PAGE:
‘Silicon Valley’ of the Shadow of Death

Since 2014, Silicon Valley has masterfully parodied the tech industry with eerie uncanniness. Currently in its sixth and final season, for a show and creator known for supreme social commentary, they both certainly have their blind spots.

click to enlarge Thomas Middleditch as Richard Hendricks in "Silicon Valley" - Ali Paige Goldstein
Ali Paige Goldstein
Thomas Middleditch as Richard Hendricks in "Silicon Valley"

The opening scene of Silicon Valley’s (10 p.m. Sunday, HBO) sixth and final season is all too familiar: an awkward tech founder addresses congress about the implications of our interconnected world and the tools we use to navigate it. Days ahead of the comedy’s premiere, Facebook’s Mark Zuckerberg testified before the House Financial Services Committee, sharing plans for Facebook’s forthcoming Libra cryptocurrency and the company’s policies on monitoring content on the platform. In the fictional hearing, Richard Hendricks (Thomas Middleditch) uncharacteristically finds his stride describing a “new internet” called PiperNet — a decentralized one without foreign or monetary influence — something of, by and for the people. 

Wouldn’t that be nice?

Since 2014, Silicon Valley has masterfully parodied the tech industry with eerie uncanniness, particularly for folks in that field, all while highlighting the mind-numbing quirks of work that everyone can relate to. Considering this is coming from Mike Judge, the guy who brought us Office Space, that’s no surprise. 

Judge seems adept at predicting the future (not that we need any more discussion around America’s current sociopolitical parallels to his 2006 film Idiocracy) or at the very least assessing the present (Beavis and Butt-Head and King of the Hill still stand up today). With Silicon Valley, he’s successfully satirized the startup world for even those who still don’t understand what blockchain is. (Guilty.)

Richard’s company, Pied Piper, and all the projects that have fallen under its umbrella have seemed doomed with each passing season. Just as failure seems imminent and everyone has accepted it as such, something or someone saves the day at the 11th hour, whether it’s new backers or a company pivot — even though, oftentimes, the characters would benefit most from pulling the plug. It’s these existential questions around success that balance the bevy of dick jokes in Silicon Valley.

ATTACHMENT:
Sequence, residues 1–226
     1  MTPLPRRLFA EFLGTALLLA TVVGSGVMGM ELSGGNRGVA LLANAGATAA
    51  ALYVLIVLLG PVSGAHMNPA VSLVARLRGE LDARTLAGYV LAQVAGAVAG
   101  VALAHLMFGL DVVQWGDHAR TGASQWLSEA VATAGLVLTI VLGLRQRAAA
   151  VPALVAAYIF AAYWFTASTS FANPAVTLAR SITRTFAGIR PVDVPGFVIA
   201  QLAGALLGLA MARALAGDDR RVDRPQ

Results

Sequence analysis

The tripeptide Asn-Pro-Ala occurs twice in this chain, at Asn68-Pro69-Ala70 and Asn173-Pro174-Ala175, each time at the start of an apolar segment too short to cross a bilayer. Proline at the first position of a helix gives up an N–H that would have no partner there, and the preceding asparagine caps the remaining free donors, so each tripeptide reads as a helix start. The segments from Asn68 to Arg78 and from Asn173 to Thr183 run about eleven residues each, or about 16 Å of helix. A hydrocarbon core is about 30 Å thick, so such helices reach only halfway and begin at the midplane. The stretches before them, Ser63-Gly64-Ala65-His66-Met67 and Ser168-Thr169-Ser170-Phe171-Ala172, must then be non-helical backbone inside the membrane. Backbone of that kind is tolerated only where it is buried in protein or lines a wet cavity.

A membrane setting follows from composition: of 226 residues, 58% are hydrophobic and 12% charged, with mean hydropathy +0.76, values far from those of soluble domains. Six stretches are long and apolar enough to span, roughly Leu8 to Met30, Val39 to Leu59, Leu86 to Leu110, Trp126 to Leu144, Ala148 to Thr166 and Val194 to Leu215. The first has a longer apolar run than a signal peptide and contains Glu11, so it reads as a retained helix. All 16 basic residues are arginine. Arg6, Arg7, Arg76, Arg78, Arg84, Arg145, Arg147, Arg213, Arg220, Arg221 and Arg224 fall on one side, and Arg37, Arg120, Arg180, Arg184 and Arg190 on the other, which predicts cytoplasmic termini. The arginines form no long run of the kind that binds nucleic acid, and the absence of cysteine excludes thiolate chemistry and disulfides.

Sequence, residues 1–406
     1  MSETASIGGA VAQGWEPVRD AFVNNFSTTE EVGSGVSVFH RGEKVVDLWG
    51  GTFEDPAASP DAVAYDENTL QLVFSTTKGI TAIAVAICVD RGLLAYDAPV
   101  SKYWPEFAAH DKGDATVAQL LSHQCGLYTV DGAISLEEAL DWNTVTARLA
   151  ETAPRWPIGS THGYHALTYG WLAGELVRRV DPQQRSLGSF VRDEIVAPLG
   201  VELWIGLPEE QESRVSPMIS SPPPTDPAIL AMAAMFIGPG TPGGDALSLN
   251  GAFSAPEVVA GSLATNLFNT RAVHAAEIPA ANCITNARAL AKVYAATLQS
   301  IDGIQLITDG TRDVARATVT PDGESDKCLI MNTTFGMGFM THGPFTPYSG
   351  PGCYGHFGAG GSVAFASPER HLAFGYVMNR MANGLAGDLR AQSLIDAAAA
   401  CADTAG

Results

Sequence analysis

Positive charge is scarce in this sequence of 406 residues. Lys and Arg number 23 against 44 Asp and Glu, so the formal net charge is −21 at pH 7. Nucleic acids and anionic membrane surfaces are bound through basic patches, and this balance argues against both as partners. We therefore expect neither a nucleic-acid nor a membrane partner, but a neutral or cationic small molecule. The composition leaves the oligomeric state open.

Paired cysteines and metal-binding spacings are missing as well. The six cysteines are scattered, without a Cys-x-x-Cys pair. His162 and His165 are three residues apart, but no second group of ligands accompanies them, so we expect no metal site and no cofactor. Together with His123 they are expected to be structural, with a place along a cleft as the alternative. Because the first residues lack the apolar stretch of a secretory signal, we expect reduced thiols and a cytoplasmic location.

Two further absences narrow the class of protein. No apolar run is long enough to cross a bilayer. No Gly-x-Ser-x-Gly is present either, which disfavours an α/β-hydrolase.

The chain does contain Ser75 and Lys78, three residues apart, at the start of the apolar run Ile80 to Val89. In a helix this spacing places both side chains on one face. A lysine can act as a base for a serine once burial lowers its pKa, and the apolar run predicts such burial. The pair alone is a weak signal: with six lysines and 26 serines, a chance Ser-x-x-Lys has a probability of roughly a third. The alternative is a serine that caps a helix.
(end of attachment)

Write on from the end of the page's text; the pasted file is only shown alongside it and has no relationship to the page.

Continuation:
Richard has had to make so many sacrifices surrounding his vision of PiperNet over the years that by the time he gets something off the ground, it will likely be unrecognizable to him. After his shockingly successful presentation on the national stage, Richard seems to be getting cocky with a high-and-mighty attitude. But when he starts to abandon what’s gotten him to this point, he finds himself unable to fulfill the wishful promises he’s now proclaimed to the world.

When Jared (Zach Woods), Pied Piper’s true moral compass and No. 1 cheerleader, leaves the company in search of something new, it becomes clear what a critical role he played. It turns out Richard has partnered with the enemy and PiperNet is already treading a dangerous path that includes privacy concerns, data mining and accepting literal blood money to fund its ventures.

Shake-ups and uncertainties abound for Pied Piper’s answer to Beavis and Butt-Head — Dinesh (Kumail Nanjiani) and Gilfoyle (Martin Starr) — as they notice more and more red flags for the company. Gilfoyle might have met his match in the new head of human resources, Tracy (Helen Hong) — I’m sensing a Roman/Gerri relationship à la Succession, but maybe I just really miss Succession. Meanwhile Dinesh is just extra ripped — but that’s thanks to Nanjiani’s increasingly frequent casting in action flicks (next up: Marvel’s Eternals). 

In case you hadn’t noticed, much like the world it represents, Silicon Valley often seems like a boys’ club with few significant female characters. Amanda Crew’s Monica has become a fine supporting character, working her way up to Pied Piper CFO and occasionally serving out laughs. (A recent chain-smoking scene really showed off her physical humor.) But she and other women are rarely given the material that stands up to even the smallest roles played by men. 

Maybe it’s the reports of an abusive atmosphere at the hands of T.J. Miller, who exited in the fourth season, that I can’t shake — or even the recent irksome Playboy interview with Middleditch — but for a show and creator known for supreme social commentary, they both certainly have their blind spots.

Contact Jac Kern: @jackern

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